“Formed in 2010, the band has built a post-rock foundation for themselves drawing on bands like Russian Circles and Pelican, but they amp up the good-time vibes by also looking to Fang Island for inspiration. Even though it is easy to spot what’s being worn on their collective sleeve, it should be noted that Pan is more than just a collection of influences. Sure there are dense walls of noise and crushing guitars with soaring melodies, but the band’s most identifiable attribute remains the utter joy that radiates off of their music. It might seem bit trite or corny to say so, but once you listen to tracks like “Joe Frazier” or “John from New York” you’ll realize just what these guys are going for.”

“Группа PAN (или Peter Pan хз,хз…) Ребята из PAN просто боги позитивного и счастливого пост-рока. Свой дебютный EP 2011 года они без заморочек назвали «Post Rock Is Not Dead» (Пост-рок — не мертв). Ради них я создал отдельный тег «Happy-Post-Rock». Как хорошо, когда всё идет не из головы, но из сердца. P.S. К сожалению, ссылки на альбом нет. Под катом возможно только послушать альбом онлайн целиком через Soundcloud. Буду очень признателен (и не только я) за предоставление альбома в качестве.”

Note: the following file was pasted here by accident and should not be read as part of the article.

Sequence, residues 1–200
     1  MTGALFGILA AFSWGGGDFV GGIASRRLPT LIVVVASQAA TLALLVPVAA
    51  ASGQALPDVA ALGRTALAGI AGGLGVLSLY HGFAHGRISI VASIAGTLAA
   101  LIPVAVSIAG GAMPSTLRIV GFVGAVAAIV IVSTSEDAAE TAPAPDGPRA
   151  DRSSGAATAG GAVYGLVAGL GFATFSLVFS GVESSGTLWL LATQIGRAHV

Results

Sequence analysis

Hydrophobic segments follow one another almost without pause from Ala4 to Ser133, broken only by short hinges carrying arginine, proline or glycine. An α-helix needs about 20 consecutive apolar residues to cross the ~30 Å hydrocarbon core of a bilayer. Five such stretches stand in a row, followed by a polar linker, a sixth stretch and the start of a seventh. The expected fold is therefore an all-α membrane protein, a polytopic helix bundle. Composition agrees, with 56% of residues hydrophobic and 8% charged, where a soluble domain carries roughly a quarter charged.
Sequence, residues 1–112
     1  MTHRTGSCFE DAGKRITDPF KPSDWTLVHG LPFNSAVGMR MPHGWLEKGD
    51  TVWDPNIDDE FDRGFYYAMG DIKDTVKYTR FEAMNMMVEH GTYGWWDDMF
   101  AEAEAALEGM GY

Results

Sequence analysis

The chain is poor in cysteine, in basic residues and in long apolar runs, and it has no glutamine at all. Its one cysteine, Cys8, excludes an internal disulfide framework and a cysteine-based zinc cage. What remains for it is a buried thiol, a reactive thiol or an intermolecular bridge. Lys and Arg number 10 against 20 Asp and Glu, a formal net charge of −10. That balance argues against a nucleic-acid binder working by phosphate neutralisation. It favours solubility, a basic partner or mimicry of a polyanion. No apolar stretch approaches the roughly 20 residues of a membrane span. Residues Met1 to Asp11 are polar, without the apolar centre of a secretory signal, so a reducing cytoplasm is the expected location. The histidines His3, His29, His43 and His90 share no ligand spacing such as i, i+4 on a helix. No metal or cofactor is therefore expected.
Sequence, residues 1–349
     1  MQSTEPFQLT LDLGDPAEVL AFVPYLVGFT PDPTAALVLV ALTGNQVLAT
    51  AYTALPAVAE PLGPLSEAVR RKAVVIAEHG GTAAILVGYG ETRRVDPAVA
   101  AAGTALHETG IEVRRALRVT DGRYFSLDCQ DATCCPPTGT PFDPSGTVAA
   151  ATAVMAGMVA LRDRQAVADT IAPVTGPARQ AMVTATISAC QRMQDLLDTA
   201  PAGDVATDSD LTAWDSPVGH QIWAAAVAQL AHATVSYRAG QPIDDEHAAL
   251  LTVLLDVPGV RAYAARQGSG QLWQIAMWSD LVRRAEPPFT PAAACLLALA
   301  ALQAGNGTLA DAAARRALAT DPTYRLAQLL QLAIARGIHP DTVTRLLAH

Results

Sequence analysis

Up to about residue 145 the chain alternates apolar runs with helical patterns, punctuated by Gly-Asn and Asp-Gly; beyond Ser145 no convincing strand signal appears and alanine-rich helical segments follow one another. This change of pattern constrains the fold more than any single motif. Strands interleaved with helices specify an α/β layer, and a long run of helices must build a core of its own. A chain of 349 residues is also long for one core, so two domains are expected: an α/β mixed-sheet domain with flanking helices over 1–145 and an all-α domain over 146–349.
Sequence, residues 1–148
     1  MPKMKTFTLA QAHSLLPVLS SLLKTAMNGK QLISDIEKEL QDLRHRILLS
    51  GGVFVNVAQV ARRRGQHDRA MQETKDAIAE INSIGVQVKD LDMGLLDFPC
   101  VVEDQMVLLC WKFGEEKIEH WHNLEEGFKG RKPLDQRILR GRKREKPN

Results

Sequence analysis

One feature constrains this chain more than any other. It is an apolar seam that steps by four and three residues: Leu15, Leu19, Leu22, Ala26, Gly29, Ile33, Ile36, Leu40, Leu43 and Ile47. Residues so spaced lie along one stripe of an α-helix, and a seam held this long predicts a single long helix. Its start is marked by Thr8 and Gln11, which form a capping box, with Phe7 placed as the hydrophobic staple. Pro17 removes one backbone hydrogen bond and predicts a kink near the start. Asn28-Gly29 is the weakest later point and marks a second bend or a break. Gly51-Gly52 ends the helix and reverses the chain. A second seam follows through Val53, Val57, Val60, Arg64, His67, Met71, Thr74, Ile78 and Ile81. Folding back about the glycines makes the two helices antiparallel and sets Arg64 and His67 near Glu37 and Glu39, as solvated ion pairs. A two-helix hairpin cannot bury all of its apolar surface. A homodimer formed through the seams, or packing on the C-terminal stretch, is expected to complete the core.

“TATTILAIWTSTWY has a glaze and sheen not found on Pan's debut EP, Post-Rock is Not Dead. But the high-frequency gloss is a benefit: Guitars chime, churn and twinkle cleanly and clearly, letting the band's variegated textures soar as they build and swell. Pan's post-rock is stadium-sized, trading grayscale slogs for high-resolution panoramas.”

“Not nearly as dark or 'verbed out as SIgur Ros and not as longwinded and patient as Explosions In The Sky, Pan offers quicker bursts of instrumental landscapes. Their brevity will likely keep more drone-loving post-rockers outside their walls, but opens way for more spastic listeners.”

“The fact that Pan has very sparse to no lyrics in their music is only a factor because they use the same instrument set up used predominantly by rock bands. With this set up (Guitar/Bass/Drums), in the last 70 years, there have been only a small amount of bands that have gained widespread popularity sans vocals. They did this by doing the same thing Pan is doing now. Writing dynamic songs that stir emotion and are full of melodic lines. Even though vocals and lyrics aren’t present, Pan still takes full advantage of other traits of popular music like repetition and melodies that are easy to recall.”

“indie band del South Carolina, usano il pugno di ferro del punk da una parte e la piuma del romanticismo alt-rock dall’ altra. A me ricordano i meravigliosi e poco conosciuti Rainer Maria, che con una sorta di disperazione sonora amano, corrono, rincorrono, sognano, suonano. Ti riempiono il cuore quando credi che tutto stia per crollare. In parole povere: anche i poeti dal suono sanno farsi coraggio.”